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Annals of Botany (1)
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Spanos, Kostas (2)
Daskalakou, Evangelia (1)
Feest, Alan (1)
Paule, Ladislav (1)
Petrakis, Panos V. (1)
Slobodník, Branko (1)
Verdú, Miguel (1)
čaňová, Ingrid (1)
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Phenols in Leaves and Bark of Fagus sylvatica as Determinants of Insect Occurrences
Petrakis, Panos V.
International Journal of Molecular Sciences
Beech forests play an important role in temperate and north Mediterranean ecosystems in Greece since they occupy infertile montane soils. In the last glacial maximum, Fagus sylvatica (beech) was confined to Southern Europe where it was dominant and in the last thousand years has expanded its range to dominate central Europe. We sampled four different beech forest types. We found 298 insect species associated with beech trees and dead beech wood. While F. sylvatica and Quercus (oak) are confamilial, there are great differences in richness of the associated entomofauna. Insect species that inhabit beech forests are less than one fifth of those species living in oak dominated forests despite the fact that beech is the most abundant central and north European tree. There is a distinct paucity of monophagous species on beech trees and most insect species are shared between co-occurring deciduous tree species and beech. This lack of species is attributed to the vegetation history and secondary plant chemistry. Bark and leaf biophenols from beech indicate that differences in plant secondary metabolites may be responsible for the differences in the richness of entomofauna in communities dominated by beech and other deciduous trees.
Fagus sylvatica; entomofauna; phenolics; secondary plant chemistry; insect traps; clustering; discriminant analysis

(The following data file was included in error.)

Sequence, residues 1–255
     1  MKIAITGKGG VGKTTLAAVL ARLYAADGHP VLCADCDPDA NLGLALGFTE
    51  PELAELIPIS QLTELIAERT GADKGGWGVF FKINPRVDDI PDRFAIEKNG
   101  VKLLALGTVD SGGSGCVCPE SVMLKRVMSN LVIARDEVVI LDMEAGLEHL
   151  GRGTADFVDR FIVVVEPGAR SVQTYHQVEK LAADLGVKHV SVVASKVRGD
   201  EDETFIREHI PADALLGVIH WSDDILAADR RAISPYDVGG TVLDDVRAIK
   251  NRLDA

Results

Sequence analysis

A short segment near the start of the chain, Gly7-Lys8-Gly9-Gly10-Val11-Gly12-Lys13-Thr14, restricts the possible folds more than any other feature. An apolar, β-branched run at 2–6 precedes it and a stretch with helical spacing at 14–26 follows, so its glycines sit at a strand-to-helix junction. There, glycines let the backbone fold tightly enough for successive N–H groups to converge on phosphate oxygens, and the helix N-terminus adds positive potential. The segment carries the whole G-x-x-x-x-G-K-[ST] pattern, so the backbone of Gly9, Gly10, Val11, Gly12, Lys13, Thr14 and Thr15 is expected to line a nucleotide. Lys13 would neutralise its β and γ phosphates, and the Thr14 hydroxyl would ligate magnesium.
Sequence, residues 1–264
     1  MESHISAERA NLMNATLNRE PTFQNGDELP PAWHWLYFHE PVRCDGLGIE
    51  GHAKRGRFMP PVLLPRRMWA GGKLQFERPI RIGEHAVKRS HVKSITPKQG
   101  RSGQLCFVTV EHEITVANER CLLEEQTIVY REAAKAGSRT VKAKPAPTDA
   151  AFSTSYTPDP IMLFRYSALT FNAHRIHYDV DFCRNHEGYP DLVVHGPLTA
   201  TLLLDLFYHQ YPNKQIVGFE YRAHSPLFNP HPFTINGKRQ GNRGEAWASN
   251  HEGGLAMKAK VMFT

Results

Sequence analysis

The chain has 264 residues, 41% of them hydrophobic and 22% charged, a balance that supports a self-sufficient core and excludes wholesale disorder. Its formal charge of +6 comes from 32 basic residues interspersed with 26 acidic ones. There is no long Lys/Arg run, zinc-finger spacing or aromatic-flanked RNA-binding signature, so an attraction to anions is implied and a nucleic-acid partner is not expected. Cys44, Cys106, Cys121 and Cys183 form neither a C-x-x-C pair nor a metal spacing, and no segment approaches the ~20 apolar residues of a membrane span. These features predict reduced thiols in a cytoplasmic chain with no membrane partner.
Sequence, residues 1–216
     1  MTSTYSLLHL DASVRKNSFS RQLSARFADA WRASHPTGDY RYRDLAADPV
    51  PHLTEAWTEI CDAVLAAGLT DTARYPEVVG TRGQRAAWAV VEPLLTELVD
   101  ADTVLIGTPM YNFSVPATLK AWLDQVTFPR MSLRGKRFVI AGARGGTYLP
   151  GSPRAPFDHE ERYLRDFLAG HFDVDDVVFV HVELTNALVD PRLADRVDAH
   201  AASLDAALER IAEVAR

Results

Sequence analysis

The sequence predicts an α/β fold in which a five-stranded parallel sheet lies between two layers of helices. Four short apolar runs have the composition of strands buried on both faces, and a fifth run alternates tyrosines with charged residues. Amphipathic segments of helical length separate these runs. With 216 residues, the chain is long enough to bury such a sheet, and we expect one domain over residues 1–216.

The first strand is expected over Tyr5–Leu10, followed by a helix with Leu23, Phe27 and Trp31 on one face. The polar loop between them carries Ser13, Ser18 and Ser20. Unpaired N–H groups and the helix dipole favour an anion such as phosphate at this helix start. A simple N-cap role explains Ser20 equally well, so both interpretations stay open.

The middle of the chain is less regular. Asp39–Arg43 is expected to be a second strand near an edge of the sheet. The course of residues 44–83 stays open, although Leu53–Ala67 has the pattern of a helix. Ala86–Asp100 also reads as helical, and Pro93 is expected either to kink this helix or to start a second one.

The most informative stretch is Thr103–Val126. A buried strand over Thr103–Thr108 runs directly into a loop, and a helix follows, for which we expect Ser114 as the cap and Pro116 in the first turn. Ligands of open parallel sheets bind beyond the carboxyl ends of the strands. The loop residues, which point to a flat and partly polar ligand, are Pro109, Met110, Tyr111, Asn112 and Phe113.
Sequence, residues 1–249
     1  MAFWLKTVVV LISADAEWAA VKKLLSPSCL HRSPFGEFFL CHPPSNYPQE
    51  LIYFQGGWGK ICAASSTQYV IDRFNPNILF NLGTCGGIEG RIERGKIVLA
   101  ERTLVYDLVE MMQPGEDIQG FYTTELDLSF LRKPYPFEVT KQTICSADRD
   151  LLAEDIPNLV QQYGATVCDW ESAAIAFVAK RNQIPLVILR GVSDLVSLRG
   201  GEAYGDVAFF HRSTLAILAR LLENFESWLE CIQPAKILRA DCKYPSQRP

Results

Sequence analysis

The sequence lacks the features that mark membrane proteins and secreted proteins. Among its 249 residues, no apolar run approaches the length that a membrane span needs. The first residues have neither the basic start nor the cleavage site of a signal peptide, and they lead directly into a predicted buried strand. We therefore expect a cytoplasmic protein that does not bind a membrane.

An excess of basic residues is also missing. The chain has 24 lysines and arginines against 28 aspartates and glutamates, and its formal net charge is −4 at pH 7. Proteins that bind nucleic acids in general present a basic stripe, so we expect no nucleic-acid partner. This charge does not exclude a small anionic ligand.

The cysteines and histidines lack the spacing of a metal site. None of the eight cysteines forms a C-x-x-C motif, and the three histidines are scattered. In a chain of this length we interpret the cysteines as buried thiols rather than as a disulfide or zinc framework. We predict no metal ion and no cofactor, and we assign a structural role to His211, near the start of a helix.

Similar Gender Dimorphism in the Costs of Reproduction across the Geographic Range of Fraxinus ornus
Annals of Botany
Background and Aims
The reproductive costs for individuals with the female function have been hypothesized to be greater than for those with the male function because the allocation unit per female flower is very high due to the necessity to nurture the embryos until seed dispersal occurs, while the male reproductive allocation per flower is lower because it finishes once pollen is shed. Consequently, males may invest more resources in growth than females. This prediction was tested across a wide geographical range in a tree with a dimorphic breeding system (Fraxinus ornus) consisting of males and hermaphrodites functioning as females. The contrasting ecological conditions found across the geographical range allowed the evaluation of the hypothesis that the reproductive costs of sexual dimorphism varies with environmental stressors.
By using random-effects meta-analysis, the differences in the reproductive and vegetative investment of male and hermaphrodite trees of F. ornus were analysed in 10 populations from the northern (Slovakia), south-eastern (Greece) and south-western (Spain) limits of its European distribution. The variation in gender-dimorphism with environmental stress was analysed by running a meta-regression between these effect sizes and the two environmental stress indicators: one related to temperature (the frost-free period) and another related to water availability (moisture deficit).
Most of the effect sizes showed that males produced more flowers and grew more quickly than hermaphrodites. Gender differences in reproduction and growth were not minimized or maximized under adverse climatic conditions such as short frost-free periods or severe aridity.
The lower costs of reproduction for F. ornus males allow them to grow more quickly than hermaphrodites, although such differences in sex-specific reproductive costs are not magnified under stressful conditions.
Costs of reproduction; Fraxinus ornus; meta-analysis; sexual dimorphism
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